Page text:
Forcing a Life Estate Tenant to Sell Real Estate
Perhaps the most common protection in estate planning to provide a loved one is the gift of a life estate. A life estate clause in a last will and testament or a deed allows the holder the right to live in the home for his or her lifetime, provided that they pay maintenance costs (property taxes, insurance, repairs). If the property is income producing (ie multi-family), you can include language in the Will instructing that the costs of maintaining the home be covered by the rental income. Beyond this, the most important safeguard for the holder is that without his consent he cannot be forced to sell the premises by the executor or the beneficiaries of the estate.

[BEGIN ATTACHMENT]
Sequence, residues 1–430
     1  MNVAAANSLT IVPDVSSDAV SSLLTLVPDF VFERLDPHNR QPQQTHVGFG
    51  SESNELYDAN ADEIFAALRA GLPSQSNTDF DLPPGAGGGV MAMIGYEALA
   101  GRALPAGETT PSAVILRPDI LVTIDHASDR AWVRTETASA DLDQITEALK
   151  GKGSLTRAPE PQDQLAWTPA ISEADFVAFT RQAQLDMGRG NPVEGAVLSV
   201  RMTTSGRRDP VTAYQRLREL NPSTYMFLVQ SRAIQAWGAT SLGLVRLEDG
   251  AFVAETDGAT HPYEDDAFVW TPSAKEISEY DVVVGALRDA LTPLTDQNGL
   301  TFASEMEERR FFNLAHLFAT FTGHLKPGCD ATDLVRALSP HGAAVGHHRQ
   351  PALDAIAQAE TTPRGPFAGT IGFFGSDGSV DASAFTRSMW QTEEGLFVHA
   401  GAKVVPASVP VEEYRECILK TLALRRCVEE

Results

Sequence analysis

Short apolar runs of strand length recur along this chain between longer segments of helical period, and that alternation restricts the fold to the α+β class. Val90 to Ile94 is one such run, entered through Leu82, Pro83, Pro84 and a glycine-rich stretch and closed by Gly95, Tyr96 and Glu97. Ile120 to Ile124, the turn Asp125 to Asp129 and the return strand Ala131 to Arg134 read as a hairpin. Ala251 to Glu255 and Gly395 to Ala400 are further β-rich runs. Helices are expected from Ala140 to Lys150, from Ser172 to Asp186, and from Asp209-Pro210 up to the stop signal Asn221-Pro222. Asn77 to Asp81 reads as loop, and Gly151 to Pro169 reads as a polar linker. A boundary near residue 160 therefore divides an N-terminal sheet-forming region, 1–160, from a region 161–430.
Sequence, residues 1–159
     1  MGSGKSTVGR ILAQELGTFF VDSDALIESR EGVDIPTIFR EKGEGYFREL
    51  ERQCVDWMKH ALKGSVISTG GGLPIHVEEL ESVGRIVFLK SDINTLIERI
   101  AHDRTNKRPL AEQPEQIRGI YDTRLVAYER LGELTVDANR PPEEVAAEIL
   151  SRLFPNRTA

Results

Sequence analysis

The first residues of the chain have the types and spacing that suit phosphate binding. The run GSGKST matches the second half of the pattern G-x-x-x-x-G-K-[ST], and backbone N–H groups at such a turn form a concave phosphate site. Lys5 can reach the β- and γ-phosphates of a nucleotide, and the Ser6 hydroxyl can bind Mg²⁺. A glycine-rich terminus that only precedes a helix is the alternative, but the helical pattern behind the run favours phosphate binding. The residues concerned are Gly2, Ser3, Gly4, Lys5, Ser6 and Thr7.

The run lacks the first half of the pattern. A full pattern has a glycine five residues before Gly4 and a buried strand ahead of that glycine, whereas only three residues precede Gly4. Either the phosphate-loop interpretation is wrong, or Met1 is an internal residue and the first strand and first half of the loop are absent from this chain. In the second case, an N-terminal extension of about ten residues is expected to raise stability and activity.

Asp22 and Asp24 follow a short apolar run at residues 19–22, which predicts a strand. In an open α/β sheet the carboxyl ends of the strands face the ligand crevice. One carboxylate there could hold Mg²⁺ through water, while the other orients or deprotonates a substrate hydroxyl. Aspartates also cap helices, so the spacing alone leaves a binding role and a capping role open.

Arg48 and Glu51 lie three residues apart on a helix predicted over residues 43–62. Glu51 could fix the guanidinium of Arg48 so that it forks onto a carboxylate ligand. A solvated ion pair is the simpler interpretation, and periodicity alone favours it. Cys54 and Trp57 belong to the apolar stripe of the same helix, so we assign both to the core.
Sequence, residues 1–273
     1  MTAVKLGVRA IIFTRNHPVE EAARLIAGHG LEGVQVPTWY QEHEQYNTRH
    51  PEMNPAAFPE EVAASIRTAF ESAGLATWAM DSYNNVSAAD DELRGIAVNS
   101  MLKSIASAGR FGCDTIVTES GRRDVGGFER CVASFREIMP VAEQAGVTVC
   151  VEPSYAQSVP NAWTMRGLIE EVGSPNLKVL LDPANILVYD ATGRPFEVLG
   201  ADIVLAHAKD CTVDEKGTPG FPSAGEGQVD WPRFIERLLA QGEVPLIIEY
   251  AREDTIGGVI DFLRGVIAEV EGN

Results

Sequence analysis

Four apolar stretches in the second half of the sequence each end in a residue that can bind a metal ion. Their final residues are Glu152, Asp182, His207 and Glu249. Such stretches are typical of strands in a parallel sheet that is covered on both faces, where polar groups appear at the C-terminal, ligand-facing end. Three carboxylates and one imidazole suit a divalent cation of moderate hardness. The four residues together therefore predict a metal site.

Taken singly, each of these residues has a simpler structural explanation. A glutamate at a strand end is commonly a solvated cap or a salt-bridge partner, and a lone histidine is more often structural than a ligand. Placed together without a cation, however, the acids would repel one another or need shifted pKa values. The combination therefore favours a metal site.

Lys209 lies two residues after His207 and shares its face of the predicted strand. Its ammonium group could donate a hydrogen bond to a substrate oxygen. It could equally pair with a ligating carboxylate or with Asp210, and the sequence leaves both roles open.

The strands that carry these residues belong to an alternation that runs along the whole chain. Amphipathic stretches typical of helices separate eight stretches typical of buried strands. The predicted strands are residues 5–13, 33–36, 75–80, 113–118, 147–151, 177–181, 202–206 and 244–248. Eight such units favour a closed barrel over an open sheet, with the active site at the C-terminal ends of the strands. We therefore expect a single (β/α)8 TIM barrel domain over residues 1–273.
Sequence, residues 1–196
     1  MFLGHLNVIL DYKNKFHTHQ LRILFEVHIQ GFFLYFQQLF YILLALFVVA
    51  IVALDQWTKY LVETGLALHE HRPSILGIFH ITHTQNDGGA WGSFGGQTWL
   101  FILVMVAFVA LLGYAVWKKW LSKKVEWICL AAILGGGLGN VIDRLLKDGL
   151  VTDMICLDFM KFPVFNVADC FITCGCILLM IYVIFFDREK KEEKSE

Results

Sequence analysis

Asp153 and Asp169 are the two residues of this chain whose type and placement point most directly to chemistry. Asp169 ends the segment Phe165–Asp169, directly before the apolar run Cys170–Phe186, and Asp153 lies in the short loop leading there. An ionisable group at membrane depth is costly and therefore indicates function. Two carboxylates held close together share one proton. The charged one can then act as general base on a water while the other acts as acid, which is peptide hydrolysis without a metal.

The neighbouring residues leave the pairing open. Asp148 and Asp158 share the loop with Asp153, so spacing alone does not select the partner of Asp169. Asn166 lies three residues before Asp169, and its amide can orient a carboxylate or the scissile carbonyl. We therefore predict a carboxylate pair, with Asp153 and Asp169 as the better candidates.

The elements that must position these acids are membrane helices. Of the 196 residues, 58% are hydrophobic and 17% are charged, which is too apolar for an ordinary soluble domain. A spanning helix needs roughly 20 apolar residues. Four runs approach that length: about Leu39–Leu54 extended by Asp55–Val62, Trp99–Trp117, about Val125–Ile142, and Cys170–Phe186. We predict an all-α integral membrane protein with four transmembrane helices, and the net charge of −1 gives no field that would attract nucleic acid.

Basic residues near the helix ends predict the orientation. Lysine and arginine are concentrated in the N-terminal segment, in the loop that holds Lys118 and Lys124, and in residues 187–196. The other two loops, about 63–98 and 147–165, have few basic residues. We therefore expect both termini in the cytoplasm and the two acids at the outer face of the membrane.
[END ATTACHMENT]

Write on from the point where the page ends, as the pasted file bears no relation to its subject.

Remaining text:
Without a life tenancy, the occupant, in most instances, has no control over what happens to the home. Take Anna. Jacob’s will leaves his Brooklyn condo to his wife Anna, and to his two children, to share equally. The idea of his children forcing Anna to sell the home that they have shared for over a decade as their marital residence never enters Jacob’s mind. As such, he fails to grant her a life tenancy in his will. After Jacob’s death, Anna receives notice from New York Surrogate’s Court that his children want the home sold so they can claim their inheritance.